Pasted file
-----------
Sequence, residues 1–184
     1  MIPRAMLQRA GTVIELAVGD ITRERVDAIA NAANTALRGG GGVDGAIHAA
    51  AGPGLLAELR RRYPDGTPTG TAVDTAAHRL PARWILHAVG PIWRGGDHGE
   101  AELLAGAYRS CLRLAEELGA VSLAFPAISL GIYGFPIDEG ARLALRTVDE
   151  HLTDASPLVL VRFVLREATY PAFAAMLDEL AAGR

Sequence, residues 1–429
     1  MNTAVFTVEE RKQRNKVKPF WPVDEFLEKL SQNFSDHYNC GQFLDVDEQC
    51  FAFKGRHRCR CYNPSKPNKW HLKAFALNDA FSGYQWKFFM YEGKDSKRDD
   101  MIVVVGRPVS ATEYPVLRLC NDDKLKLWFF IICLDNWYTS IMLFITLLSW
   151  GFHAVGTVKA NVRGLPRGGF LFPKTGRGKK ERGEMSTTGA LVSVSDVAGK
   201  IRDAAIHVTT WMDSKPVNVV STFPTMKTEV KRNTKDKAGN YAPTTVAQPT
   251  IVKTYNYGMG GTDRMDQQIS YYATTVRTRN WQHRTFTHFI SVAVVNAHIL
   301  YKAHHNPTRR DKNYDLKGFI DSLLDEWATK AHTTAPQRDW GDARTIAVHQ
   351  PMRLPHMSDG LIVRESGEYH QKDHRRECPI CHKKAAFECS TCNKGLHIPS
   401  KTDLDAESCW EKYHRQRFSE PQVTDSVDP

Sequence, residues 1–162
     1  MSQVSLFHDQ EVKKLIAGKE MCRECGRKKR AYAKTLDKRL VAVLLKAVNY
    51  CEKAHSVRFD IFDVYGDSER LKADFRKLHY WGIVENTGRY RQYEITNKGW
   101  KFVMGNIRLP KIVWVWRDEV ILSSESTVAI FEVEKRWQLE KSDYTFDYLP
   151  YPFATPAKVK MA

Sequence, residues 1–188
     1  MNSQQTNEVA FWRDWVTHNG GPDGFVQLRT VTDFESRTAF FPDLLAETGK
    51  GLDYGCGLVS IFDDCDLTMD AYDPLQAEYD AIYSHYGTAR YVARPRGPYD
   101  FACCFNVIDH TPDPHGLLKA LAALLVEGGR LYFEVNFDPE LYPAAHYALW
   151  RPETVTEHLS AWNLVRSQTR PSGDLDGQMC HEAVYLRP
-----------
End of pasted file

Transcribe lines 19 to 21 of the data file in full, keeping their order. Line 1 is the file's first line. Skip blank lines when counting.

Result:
   101  KFVMGNIRLP KIVWVWRDEV ILSSESTVAI FEVEKRWQLE KSDYTFDYLP
   151  YPFATPAKVK MA

Sequence, residues 1–188